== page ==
The night before we caught our planes back, I sat down with Bain once again to ask him intrusive questions to post about on the internet. We’d been roommates the whole trip, so the second interview was much more personal than the first one (not to mention all the lifechanging experiences we’d just shared). I basically used the same questions as before, now with field experience.
The way that Bain characterized for me how Africa, in concept, was different for him now was by saying, “It’s like before, I had an outline on Africa, and now I’ve written the essay.” He found it more modernized than the media led him to believe, an experience exacerbated by sitting in traffic as we drove past Kigali, the capital of Rwanda. Rwanda has received a relatively large amount of aid from the U.S., particularly when compared to the amount that Burundi has seen, and it shows. The terrain in and around Kigali is hilly, and at night, artificial lights dot the hills and valleys that make up the city. Gubganeza, outside Gitega proper as it is, only has power because they have a generator they can run for about four hours a day. The city of Gitega has pretty reliable power, though, and western style gas stations are popping up all over. I don’t remember seeing any on our last trip.
Another thing that suddenly became incredibly real to Bain is the starving African child. He spent his afternoons playing with a growing number of kids, many of whom came from the Twa village across the valley. It made “The Third World” become a very real thing for him over the last few weeks, what with the kids all wearing the same color. You’ve seen that color, it’s the color of the ground and the bricks and the path in the image above. Most Twa kids only have one set of clothing, so it inevitably gets stained that color.
Despite the poverty, there’s a spirit of life and joy that pervades the population. I asked Bain if anyone had overhyped Africa and whether it was worth all the anticipation and preparation, and without thinking, he gave me an emphatic yes, it was worth the hype. Many people, he said, reminded him of family. Beni and the other kitchen ladies reminded him of Aunts, David and Felicite too felt like family to him. He found everyone warm, welcoming, and friendly, which rings true for Africans just about anywhere. Many locals talked to him in Kirundi as they would anyone else, and found themselves baffled by this normal looking guy who only spoke English. Bain picked up a fair amount of Kirundi, but hitting the point of conversation takes much longer than two weeks for any normal human. Many didn’t have any idea that there were black people in the U.S., and Bain fielded the questions as to how they got there. I still cannot fully express how it felt to listen to him explain his people’s history in our country—to Africans. A little girl in Rwanda, after hearing this explanation, asked whether he was here to stay, now that he’s back. He said no, his life in the States needs him, but he’ll be back again. It’s impossible for him, now, to stay away.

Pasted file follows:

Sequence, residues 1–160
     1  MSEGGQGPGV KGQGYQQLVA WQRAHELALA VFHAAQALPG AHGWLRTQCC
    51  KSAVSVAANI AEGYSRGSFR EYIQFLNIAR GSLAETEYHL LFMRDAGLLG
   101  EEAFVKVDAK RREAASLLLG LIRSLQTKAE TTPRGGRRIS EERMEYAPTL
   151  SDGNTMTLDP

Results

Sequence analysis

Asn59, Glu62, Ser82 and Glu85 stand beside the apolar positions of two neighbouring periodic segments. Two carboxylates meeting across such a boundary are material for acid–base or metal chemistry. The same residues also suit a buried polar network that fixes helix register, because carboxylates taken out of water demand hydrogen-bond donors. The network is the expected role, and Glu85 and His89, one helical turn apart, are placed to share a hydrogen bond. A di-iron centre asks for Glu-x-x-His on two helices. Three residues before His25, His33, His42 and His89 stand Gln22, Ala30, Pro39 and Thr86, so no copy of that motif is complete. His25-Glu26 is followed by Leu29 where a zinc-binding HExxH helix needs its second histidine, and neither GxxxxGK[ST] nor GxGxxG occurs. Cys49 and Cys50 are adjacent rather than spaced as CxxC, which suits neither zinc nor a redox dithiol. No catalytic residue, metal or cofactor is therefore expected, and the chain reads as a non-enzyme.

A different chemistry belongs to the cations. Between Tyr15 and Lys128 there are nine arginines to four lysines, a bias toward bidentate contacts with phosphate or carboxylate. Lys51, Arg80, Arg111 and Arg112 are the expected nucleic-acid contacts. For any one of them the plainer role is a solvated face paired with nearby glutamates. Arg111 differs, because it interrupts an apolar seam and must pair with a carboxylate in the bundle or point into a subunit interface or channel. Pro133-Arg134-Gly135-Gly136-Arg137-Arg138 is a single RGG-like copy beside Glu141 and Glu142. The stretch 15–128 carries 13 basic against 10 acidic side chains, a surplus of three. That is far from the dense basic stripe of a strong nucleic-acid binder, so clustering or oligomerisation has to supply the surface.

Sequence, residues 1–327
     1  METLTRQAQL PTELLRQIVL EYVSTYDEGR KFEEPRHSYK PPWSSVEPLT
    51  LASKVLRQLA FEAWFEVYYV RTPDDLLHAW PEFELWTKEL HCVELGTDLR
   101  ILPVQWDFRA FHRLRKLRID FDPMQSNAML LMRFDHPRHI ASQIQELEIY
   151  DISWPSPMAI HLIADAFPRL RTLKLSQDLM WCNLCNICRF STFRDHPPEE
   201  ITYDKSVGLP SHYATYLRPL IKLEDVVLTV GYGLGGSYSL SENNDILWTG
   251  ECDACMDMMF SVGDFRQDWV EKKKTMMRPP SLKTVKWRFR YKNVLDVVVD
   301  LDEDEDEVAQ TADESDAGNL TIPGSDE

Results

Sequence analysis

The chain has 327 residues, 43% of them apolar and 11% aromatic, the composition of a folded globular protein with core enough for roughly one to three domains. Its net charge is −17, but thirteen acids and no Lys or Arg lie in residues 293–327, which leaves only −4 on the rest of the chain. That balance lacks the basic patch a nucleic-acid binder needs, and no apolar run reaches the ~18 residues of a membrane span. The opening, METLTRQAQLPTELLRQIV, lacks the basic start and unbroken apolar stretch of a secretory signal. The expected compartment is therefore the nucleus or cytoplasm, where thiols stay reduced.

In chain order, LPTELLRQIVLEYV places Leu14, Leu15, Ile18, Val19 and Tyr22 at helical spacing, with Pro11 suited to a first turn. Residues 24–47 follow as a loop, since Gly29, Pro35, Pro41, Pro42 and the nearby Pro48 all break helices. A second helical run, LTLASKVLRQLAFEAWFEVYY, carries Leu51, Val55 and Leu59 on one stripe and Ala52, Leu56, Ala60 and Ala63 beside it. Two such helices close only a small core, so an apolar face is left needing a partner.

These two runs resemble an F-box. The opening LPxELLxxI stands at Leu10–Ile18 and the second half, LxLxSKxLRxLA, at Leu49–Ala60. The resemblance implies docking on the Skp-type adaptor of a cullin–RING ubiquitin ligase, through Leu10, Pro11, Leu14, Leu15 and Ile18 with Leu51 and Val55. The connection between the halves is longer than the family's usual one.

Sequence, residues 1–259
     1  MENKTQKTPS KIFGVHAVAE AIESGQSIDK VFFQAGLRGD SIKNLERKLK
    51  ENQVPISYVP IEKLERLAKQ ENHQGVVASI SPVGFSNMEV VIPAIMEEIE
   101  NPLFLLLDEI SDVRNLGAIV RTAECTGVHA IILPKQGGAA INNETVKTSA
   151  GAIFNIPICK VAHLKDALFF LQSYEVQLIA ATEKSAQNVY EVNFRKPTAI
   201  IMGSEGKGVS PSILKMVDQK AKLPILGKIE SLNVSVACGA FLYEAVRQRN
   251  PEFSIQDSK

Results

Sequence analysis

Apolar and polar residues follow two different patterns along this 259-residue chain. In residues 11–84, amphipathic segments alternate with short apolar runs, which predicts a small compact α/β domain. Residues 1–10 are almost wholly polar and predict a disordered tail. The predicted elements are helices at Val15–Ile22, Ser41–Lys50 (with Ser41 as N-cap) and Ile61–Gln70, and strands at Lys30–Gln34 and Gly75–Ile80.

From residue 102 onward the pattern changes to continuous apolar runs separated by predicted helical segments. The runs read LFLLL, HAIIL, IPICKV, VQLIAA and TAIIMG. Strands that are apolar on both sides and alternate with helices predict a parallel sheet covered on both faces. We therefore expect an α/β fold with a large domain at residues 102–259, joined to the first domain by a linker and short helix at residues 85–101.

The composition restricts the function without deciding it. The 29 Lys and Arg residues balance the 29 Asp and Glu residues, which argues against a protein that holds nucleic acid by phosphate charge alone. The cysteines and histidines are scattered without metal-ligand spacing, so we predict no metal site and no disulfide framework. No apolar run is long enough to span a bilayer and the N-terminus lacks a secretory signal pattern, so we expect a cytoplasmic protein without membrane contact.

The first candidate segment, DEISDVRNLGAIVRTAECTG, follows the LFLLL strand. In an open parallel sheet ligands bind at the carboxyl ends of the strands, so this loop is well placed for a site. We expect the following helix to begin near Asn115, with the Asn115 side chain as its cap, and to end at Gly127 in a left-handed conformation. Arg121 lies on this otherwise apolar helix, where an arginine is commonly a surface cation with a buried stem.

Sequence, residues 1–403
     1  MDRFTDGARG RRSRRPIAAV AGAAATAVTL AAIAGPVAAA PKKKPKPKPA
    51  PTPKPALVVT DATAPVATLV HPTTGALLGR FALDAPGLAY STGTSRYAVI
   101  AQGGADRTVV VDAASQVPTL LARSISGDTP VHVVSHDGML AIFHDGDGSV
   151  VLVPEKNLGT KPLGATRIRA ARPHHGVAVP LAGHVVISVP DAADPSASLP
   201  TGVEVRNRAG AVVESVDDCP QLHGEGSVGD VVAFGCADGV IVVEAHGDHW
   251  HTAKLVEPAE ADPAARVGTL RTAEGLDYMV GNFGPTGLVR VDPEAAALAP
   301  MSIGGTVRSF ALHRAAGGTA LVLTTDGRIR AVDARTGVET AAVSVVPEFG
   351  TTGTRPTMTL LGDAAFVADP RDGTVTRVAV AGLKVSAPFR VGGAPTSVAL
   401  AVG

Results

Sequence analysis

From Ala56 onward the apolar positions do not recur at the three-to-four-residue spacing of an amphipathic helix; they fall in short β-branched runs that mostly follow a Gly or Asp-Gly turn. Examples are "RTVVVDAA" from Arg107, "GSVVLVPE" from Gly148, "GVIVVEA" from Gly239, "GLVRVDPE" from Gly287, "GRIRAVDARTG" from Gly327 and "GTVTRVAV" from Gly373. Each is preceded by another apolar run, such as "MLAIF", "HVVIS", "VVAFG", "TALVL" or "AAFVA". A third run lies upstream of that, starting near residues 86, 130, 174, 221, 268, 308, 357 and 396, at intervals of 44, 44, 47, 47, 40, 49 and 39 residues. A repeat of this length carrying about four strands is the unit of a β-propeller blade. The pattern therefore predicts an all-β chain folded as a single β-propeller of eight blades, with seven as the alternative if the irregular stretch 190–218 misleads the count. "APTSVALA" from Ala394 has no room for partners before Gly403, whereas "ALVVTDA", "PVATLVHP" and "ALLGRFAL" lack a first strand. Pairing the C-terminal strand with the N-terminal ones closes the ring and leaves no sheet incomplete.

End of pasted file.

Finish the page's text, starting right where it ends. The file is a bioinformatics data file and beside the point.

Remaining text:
Once he was there, it became very clear (at least to me) why it was that he was called to be on this trip. He’s a teacher, and a man of God, and a guy who plays hard, and all of that came in handy. The kinship that he felt with the locals was palpable. He taught the daily morning devotion a couple times, and one message in particular resonated strongly with everyone who heard it. Bain Manley spoke to a room full of Africans and Americans about oneness in the Church. Denominationally, culturally, racially, we are called in Paul’s letters to be of one body and one mind, with Christ at the head. Bain has quite a fascinating ability to find connections between scriptures across the Bible that I’ve never heard before. In retrospect, it seems obvious to connect the Tower of Babel with James’ New Testament teaching on the power of the tongue, but I’ve never seen it done before. He said he’d never considered being a pastor before this trip, but I know the idea’s kicking around his head now. In my opinion, he’d kick butt up front on Sunday mornings.
It’s always weird to be back; the adjustment period is very real. The power went out yesterday, and Bain immediately texted me about how nice it was for things to be back to normal. A trip like this is lifechanging; there’s no way around it.